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5 January 2017

Mahonias for Winter Colour

Perhaps the most striking plant in my garden at this time of year is a Mahonia, which I planted about twelve years ago. The dark, glossy leaves show off the stunning greeny-yellow flowers, and it is flowering when there isn't much else to admire.

There are a number of varieties of Mahonia, with M. x media ‘Charity’ probably the best known of them. This will grow to a substantial (and very prickly) shrub, 2m (6½ft) square, given space and time.

The earliest to bloom is M. x media ‘Lionel Fortescue’ which will draw bees to its upright primrose-yellow flowers that have a wonderful lily-of-the-valley perfume.

Yet another cultivar of the media hybrids is ‘Winter Sun’ which is smaller than either ‘Charity’ or ‘Lionel Fortescue’ and also has deliciously scented flowers. Winter Sun is very hardy, tolerating both extreme cold and shade, although it has a tendency to become rather lanky and needs pruning to hold a good shape.

Mahonia x media is the result of a cross between M. lomariifolia and M. japonica and incorporates the virtues of both its parents. The other parent of Mahonia x media – M. lomariifolia – comes from Burma and Yunnan in China where it can become a really big shrub, reaching 12m (40ft) tall. It is more tender than M. japonica, not hardy below -10°C and unhappy in any windy, exposed spot in winter.

Mahonias get their name from an Irishman, Bernard McMahon, who emigrated to Philadelphia in the 18th century and set up a nursery which became a famous horticultural meeting place. The American mahonias are generally shorter and more spreading than the taller Asiatic ones, and do better in sunny sites with well-drained soil, whereas the Asian ones like some shade and, as cope happily with heavy soil. However most mahonias will adapt perfectly well to wherever you place them and M. aquifolium in particular is remarkably hardy and adaptable. It will also make very good ground cover, albeit rather prickly.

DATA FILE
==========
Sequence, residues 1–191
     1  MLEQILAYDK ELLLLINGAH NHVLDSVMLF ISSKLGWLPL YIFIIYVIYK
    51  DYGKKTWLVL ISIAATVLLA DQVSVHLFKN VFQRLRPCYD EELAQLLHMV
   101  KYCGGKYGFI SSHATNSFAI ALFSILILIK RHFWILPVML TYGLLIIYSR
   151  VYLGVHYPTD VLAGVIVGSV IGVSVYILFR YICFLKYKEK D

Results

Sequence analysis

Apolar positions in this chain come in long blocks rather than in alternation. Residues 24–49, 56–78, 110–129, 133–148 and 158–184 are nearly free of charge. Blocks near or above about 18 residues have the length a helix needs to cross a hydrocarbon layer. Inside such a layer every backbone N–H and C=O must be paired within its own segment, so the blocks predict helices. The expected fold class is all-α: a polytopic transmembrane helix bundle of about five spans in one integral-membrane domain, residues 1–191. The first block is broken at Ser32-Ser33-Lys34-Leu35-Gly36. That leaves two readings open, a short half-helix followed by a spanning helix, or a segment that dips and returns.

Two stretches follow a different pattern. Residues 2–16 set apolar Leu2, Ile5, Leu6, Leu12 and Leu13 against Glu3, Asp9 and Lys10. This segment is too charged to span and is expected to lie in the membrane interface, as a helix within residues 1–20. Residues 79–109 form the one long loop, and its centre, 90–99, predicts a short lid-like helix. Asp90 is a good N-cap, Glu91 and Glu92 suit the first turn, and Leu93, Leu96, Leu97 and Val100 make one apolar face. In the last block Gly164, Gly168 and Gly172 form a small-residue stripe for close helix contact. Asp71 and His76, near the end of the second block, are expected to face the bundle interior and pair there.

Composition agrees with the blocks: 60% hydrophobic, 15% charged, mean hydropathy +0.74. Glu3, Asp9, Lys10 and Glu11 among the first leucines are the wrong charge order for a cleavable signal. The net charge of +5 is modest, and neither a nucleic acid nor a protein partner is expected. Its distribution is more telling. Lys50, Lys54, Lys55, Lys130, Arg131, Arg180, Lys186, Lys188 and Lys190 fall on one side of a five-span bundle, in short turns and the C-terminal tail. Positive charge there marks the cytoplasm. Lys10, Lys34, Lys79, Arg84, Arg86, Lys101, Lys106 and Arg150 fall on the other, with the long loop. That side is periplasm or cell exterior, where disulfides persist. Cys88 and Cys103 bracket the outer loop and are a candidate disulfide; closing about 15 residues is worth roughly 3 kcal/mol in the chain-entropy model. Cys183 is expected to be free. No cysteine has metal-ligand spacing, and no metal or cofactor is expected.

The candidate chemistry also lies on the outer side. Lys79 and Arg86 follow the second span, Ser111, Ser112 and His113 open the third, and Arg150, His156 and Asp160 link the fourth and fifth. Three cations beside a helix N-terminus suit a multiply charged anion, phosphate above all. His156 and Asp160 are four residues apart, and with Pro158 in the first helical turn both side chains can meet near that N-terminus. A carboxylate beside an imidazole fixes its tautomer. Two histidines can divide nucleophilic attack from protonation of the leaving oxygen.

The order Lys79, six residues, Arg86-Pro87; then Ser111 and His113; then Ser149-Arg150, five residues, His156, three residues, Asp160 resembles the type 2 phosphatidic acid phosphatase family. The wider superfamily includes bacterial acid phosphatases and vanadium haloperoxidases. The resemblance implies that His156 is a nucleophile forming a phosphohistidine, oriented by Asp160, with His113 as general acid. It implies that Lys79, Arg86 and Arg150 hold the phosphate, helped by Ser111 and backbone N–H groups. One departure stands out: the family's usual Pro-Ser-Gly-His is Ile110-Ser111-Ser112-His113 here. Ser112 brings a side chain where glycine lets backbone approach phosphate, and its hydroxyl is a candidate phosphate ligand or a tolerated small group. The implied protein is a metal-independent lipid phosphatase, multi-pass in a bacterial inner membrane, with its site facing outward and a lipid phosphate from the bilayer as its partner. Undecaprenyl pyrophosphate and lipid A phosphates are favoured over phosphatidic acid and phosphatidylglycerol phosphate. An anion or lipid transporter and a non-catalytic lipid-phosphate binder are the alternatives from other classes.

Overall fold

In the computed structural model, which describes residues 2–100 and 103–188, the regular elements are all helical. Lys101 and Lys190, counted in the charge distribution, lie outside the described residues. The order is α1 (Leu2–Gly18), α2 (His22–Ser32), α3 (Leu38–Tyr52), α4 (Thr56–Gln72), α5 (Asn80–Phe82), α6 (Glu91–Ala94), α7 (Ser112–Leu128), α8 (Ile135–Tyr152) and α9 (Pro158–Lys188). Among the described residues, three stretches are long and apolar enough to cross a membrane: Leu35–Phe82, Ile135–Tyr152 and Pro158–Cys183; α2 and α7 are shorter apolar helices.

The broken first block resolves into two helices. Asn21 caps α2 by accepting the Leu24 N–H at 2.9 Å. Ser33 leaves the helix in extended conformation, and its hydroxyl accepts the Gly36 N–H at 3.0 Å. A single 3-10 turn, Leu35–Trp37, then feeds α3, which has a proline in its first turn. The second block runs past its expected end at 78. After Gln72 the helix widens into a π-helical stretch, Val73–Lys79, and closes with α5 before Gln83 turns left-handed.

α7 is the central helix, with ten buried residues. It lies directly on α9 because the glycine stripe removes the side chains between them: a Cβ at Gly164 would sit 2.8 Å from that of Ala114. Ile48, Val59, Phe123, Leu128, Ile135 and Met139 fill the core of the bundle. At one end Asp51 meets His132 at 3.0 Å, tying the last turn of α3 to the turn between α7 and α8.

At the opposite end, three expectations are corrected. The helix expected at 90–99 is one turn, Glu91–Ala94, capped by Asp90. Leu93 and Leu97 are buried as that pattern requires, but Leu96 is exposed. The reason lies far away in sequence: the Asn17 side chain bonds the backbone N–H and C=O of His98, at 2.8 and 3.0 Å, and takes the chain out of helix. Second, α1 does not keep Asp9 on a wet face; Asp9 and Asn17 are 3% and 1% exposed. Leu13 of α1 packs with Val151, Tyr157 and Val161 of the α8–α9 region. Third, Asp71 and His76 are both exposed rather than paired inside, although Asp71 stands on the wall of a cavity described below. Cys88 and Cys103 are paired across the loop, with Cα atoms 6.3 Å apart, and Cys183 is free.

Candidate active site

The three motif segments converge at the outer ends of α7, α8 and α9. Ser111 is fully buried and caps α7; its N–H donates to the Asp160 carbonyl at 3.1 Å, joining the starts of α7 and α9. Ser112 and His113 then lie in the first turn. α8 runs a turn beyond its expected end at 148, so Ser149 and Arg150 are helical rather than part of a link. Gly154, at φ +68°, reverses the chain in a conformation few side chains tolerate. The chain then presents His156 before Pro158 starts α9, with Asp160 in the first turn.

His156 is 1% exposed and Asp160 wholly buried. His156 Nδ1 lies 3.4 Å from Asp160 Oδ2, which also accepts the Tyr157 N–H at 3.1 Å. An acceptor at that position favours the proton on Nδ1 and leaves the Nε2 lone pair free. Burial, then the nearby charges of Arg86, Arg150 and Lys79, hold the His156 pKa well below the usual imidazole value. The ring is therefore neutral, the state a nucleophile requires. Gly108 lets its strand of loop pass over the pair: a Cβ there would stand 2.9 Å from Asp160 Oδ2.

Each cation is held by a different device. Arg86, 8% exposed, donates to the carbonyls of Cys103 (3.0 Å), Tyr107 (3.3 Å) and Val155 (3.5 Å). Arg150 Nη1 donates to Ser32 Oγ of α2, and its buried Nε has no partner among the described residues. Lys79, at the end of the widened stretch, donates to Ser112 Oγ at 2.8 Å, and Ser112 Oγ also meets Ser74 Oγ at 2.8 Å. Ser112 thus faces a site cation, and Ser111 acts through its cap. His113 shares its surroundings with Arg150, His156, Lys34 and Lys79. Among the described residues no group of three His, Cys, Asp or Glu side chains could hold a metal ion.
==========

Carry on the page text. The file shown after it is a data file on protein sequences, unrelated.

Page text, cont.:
As I have said, most mahonias will grow in almost any situation and soil but there is no doubt the Asiatic ones do have a tendency to become defoliated, especially if grown in shade. The answer is to prune them back as soon as they have finished flowering, to encourage healthy new growth that will carry flowers next year and to keep them compact.

Pruning mahonias is straightforward but may need to be a bit drastic if you are dealing with older specimens. Remove the largest and barest stems to a couple of feet above the ground and they should resprout from below the cut point and the shrub will become denser.

My mahonia was getting too tall, with long bare stems, so I have been removing two per year for the last couple of years, which has encouraged new growth at the base of the plant. In a couple of years time I will have a shorter but vigorous shrub to admire.

After any drastic pruning, it’s a good idea to clear around the base of the plant and mulch thickly with garden compost or well-rotted manure to preserve moisture and nourish the plant.

Why not consider a Mahonia for your garden - they are easy to look after, relatively inexpensive and provide you with winter colour.

 







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